Mini-Review: Tomb Raider – Oh Yes!

tombraiderIt isn’t 1996 any longer. While there have been many Tomb Raider games since then, none have lived up to the standard set by the first two games. And with Uncharted coming to take the torch, how precisely can a reboot live up with the legacy of both UC and TR? By doing precisely what they’ve done in this game.

And Uncharted IS important because it took a formula and perfected it. Its second entry is probably my favorite game of this generation. Its third iteration, however, didn’t live up to the standard set by the first two games. Sound familiar? (Plus, we’ve talked about thistwice!) As Lara Croft scrambled to safety in the 2013 reboot, I was a character who was real. No more one-liners after murdering two dozen swarming enemies. It’s not that Nathan Drake is unlikeable; it’s quite the opposite. It’s just that by the third time, it was all expected. We knew we’d be dangling by one arm at least six times. Every action sequence felt familiar the intensity was thereby reduced. When Lara first killed a person, it was a big deal. The intense moments in Tomb Raider were intense! The entire journey was a remarkable one; even if it felt like UC a few times (which itself felt like TR a few times).


Lara was a mess. She was hurt. Her pain felt real. The visuals in the game were positively incredible, the sound outstanding. The gameplay was impeccable and FUN. The weapons were powerful. Their customizable evolution was perfectly executed. I felt a draw to the history, the lore. The locales were lush and vast. I listened to the audio logs. The collectibles fit within the world created. I went back to collect GPS caches, using my new-found abilities to unlock new paths. More than once during my adventure I stated, “This represents everything I love about videogames!”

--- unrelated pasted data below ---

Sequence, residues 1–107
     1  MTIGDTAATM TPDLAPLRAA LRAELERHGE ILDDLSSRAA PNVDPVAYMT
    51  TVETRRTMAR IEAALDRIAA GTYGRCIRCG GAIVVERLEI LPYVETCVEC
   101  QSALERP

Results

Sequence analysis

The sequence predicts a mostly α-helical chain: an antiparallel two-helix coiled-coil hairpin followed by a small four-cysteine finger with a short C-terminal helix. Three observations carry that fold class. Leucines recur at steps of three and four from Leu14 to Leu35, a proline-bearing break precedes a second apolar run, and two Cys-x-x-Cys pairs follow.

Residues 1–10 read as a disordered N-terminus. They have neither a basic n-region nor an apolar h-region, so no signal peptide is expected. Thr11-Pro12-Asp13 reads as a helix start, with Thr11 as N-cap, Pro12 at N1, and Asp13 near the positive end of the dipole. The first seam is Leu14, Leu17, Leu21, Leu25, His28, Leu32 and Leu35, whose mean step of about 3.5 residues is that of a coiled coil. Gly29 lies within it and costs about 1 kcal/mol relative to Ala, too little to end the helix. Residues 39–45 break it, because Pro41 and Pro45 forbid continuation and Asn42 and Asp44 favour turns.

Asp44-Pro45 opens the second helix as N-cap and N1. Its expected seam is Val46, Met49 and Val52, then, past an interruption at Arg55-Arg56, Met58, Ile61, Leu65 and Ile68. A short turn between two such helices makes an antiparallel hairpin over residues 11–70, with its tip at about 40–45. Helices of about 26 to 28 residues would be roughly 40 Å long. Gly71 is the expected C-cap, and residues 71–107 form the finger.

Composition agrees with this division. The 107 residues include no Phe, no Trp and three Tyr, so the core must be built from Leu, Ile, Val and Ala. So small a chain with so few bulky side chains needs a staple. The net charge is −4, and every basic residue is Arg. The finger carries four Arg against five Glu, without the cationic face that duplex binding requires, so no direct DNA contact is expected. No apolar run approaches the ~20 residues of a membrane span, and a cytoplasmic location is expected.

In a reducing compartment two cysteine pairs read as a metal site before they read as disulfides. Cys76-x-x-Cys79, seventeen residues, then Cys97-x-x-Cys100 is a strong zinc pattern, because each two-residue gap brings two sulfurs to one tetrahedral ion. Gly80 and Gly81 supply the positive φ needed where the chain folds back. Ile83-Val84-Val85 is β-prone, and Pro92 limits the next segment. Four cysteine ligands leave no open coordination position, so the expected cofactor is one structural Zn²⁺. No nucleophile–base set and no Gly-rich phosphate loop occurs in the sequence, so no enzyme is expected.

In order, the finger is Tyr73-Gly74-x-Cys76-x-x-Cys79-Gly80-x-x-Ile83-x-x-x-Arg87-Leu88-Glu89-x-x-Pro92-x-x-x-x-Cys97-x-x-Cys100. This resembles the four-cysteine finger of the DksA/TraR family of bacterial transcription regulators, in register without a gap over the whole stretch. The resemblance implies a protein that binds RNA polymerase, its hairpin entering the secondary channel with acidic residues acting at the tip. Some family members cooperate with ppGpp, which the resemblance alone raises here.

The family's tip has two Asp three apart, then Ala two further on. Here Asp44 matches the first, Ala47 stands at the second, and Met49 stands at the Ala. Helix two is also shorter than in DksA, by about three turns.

This review is pretty simple. The game absolutely rules and is one of my favorites in a long time. In retrospect, I’m stuck trying to find a weakness. Perhaps more diverse enemies would be nice. I guess the biggest problem is how to deal with a sequel but who cares about that now? Tomb Raider has somehow returned to form, copying and trumping a game that copied and trumped it in the first place. This is just about perfect; it cannot be praised highly enough.

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